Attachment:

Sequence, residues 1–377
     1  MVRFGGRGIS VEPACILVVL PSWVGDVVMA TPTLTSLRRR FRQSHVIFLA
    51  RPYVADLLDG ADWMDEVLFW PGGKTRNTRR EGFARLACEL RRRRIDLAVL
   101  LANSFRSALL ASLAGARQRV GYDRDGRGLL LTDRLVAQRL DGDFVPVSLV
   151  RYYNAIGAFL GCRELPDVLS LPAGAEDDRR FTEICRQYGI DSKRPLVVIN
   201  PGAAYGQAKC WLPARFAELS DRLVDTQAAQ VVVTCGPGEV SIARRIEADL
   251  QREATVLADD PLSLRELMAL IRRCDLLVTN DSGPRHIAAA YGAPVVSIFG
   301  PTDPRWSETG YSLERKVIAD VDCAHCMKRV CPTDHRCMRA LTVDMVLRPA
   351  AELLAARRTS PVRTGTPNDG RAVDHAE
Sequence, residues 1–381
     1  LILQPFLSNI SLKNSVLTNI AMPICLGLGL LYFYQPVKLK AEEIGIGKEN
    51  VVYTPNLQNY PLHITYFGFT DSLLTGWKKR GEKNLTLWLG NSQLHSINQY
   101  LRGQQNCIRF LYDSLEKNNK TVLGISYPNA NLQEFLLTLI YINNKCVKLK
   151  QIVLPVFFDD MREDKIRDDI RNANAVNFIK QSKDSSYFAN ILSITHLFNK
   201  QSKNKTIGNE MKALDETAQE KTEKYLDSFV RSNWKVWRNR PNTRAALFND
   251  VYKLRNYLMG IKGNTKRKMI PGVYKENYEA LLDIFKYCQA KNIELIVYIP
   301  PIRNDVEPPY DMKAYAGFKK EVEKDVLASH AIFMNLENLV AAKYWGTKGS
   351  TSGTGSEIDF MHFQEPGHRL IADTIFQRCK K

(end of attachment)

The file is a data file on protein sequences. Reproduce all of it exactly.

Sequence, residues 1–377
     1  MVRFGGRGIS VEPACILVVL PSWVGDVVMA TPTLTSLRRR FRQSHVIFLA
    51  RPYVADLLDG ADWMDEVLFW PGGKTRNTRR EGFARLACEL RRRRIDLAVL
   101  LANSFRSALL ASLAGARQRV GYDRDGRGLL LTDRLVAQRL DGDFVPVSLV
   151  RYYNAIGAFL GCRELPDVLS LPAGAEDDRR FTEICRQYGI DSKRPLVVIN
   201  PGAAYGQAKC WLPARFAELS DRLVDTQAAQ VVVTCGPGEV SIARRIEADL
   251  QREATVLADD PLSLRELMAL IRRCDLLVTN DSGPRHIAAA YGAPVVSIFG
   301  PTDPRWSETG YSLERKVIAD VDCAHCMKRV CPTDHRCMRA LTVDMVLRPA
   351  AELLAARRTS PVRTGTPNDG RAVDHAE
Sequence, residues 1–381
     1  LILQPFLSNI SLKNSVLTNI AMPICLGLGL LYFYQPVKLK AEEIGIGKEN
    51  VVYTPNLQNY PLHITYFGFT DSLLTGWKKR GEKNLTLWLG NSQLHSINQY
   101  LRGQQNCIRF LYDSLEKNNK TVLGISYPNA NLQEFLLTLI YINNKCVKLK
   151  QIVLPVFFDD MREDKIRDDI RNANAVNFIK QSKDSSYFAN ILSITHLFNK
   201  QSKNKTIGNE MKALDETAQE KTEKYLDSFV RSNWKVWRNR PNTRAALFND
   251  VYKLRNYLMG IKGNTKRKMI PGVYKENYEA LLDIFKYCQA KNIELIVYIP
   301  PIRNDVEPPY DMKAYAGFKK EVEKDVLASH AIFMNLENLV AAKYWGTKGS
   351  TSGTGSEIDF MHFQEPGHRL IADTIFQRCK K